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Why it’s lonely at the top…. part 1

01 Mar

Being a CEO is a role that people try to conceptualize, but will never understand until they sit in the chair. It’s a bit like parenthood, until you have kids, you will never understand it.

Based on my experiences in the chair and from sharing with fellow CEO’s, here is a list of do’s and dont’s for CEOs that on the one hand make them effective in their role but on the other hand, lonely.

1. The Open Door Policy
Yes, I am a firm advocate of an open door policy. Anyone and everyone should be welcome into the CEO’s room or access to the CEO, after all that is a fundamental premise of servant leadership.

The open door policy is a policy to allow information to flow up, for the CEO to hear what’s happening on the ground. It is not a policy for information to flow down. I will listen, I will note , I will act on it but that’s where the conversation stop.

You may have many things to say, but the open door is not for you to say but for you to listen.

2. Sharing Information
Information in organizations is like money in the economy. He who has more information is richer, looked up upon, has leverage and power. He who has not, is a pauper.

CEO’s have to ensure that he is consistently redistributing information, ensuring that “everyone” has the same. Now “everyone” may be everyone on the leadership team or everyone who is in a department or branch or whatever the homogenous grouping that needs the information.

Sharing on a one on one basis or with a select group of people is risky and the one or select group who benefits from the sharing very quickly becomes part of the inner circle.

Just like the economy, where the is fair distribution of wealth, there is prosperity, productivity and a feeling of well being. Where there is inequality in the distribution, you will find crime, gangs, dereliction and in the worst instances revolt.

You may have many things to say, but sharing means saying the same to everyone,

3. The Nostradamus Effect
CEO’s must absolutely be thinking many steps ahead, a bit like playing chess. He must have a clear view of what his business and organization should look like in the next 12 – 36 months. In his mind he should have broad strokes of the steps he will have to take to get to his destination.

By having that clarity of purpose in his mind, he is able to surely move the organization forward and it give the organization a sense of security that although changes maybe happening there is confidence and certainly in the direction.

More importantly, is by having this clarity, it gives the CEO an incredible ability to prepare the organization for each step of the change. Now people may not at that time understand why, but very quickly will see the rational.

What the CEO cannot and must not do is to reveal all in detail to a select few or even to the whole organization. He just needs to keep reiterating the end goal and lead them there step by step.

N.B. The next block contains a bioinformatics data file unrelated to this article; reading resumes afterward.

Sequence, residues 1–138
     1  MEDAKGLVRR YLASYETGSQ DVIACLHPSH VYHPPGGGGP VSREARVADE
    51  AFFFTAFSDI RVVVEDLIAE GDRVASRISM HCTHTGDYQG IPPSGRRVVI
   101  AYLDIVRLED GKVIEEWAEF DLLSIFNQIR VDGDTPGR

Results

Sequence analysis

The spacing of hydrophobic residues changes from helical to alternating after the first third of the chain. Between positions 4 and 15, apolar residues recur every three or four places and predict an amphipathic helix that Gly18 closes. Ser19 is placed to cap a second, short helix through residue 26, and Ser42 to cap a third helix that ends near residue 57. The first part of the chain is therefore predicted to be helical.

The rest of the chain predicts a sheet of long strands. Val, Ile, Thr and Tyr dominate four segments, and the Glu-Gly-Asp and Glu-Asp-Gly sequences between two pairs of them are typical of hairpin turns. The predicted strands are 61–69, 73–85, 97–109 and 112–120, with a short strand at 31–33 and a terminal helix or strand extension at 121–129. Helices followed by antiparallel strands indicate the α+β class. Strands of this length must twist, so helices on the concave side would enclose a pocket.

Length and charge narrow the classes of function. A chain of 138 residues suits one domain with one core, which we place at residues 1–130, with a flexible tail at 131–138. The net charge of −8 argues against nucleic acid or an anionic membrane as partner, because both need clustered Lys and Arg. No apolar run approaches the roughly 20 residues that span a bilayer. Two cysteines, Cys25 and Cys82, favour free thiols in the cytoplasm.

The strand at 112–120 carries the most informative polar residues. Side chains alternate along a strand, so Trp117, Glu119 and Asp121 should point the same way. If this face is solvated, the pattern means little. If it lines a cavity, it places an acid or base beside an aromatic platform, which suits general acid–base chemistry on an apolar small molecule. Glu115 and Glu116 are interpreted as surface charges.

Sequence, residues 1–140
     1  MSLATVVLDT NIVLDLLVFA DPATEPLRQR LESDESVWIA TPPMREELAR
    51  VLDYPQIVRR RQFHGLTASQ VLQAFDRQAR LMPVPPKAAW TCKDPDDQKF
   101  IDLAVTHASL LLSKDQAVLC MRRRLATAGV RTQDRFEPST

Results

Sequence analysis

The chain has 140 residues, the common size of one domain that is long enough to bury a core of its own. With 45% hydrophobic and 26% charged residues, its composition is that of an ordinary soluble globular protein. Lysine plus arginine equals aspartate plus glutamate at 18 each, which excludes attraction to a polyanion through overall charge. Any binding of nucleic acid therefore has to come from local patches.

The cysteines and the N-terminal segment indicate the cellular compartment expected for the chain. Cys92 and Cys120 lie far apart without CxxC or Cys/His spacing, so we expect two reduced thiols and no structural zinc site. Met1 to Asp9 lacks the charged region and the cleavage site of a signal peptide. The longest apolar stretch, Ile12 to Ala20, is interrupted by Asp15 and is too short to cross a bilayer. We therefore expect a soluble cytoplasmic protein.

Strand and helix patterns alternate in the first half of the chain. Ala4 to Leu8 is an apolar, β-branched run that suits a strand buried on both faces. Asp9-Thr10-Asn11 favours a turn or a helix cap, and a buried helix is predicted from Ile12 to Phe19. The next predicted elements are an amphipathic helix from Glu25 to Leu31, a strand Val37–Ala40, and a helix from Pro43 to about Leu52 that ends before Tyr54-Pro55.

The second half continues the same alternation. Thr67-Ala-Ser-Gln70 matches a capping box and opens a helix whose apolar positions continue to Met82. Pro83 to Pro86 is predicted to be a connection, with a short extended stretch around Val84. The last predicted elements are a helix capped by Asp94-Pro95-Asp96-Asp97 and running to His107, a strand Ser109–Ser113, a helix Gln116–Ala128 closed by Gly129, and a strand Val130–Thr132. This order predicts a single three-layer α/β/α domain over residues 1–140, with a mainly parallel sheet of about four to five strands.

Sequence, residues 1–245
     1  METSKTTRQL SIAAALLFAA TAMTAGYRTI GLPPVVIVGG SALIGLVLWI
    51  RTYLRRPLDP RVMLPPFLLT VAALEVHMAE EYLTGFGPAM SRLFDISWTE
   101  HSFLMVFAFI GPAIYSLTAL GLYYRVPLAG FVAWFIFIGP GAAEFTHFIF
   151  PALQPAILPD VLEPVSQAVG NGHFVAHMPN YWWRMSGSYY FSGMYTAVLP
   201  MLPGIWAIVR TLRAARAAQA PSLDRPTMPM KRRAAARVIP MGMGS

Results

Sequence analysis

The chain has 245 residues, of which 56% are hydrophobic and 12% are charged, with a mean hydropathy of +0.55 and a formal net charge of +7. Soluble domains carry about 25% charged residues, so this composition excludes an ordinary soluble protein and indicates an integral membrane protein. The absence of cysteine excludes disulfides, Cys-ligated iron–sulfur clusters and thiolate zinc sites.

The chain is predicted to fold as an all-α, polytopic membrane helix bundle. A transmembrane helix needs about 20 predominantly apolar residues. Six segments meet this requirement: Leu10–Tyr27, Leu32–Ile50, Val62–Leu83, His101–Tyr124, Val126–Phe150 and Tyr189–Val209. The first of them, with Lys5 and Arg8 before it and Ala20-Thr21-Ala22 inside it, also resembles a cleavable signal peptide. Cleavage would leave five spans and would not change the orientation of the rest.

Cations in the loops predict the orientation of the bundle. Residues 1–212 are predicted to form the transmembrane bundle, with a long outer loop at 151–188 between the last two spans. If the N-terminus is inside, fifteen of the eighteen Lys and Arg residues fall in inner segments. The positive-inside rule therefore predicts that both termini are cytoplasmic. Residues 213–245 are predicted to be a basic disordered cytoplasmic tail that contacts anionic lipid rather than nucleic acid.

It truly is a huge challenge to have such clarity in ones mind but have to lock ones mouth to stop all from spewing out.

Why is this so important? People can buy into an end state and people can rally behind step moves, but people get overwhelmed and paralyzed if if they see the whole picture. Not because they are incapable, but because in looking at any picture, people always look for how it affects them, and when they cannot see it, they take a defensive posture. Then it becomes an up hill battle. You win the war by winning many small battles.

You may have many thing to say, but Nostradamus means saying just enough to stretch people but not scare them.

4. No Friends
This is one of the hardest things to do. While growing up in an organization we cultivate many many friendships but the minute we step into the CEO chair, those friendships get put on hold and become professional relationships.

The degree of objectivity needed to manage performance in todays environment, demands that decision on performance be made on merit and not friendship. And unless we are able to adjust our friendships into professional relationships, we risk being surrounded by people who care for us so much that they will manage our perceptions of reality to only see a rosy picture.

You may have many things to say, but you can only say the things you mean.

5. Walking the Talk
A CEO is judged not by the promises he makes but by the promises he keeps. This is what “Walk the Talk” is all about. When there is high trust in the organization, I will assure you that you will find at the top a CEO who walks the talk. When the is low trust or distrust, I will guarantee you that you will a CEO that is all talk and no walk.

So we must make sure we only say what we can deliver. No more, no less.

6. Decorum
As much as it is hard for us in positions of power to accept, everything that happens down in the organization is a reflection of how we are leading at the top. Everything we say or don’t say, we do or don’t do is being read into. A CEO has no where to hide. Decorum is so important.

We may be funny but we are not paid to be a clown
We may be artistic but we are not paid to be a painter
We may be a singer but we are not paid to be a singer

We sing, we paint, we joke, everything we do, the organization reads into its own context, but the only thing that matters is, are we delivering the results, because that is what we are paid for and that is what our reputations rest on.

Irrespective of what our talents are, decorum and delivering results rules the day.

to be continued….

 
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Posted by on March 1, 2007 in Leadership

 

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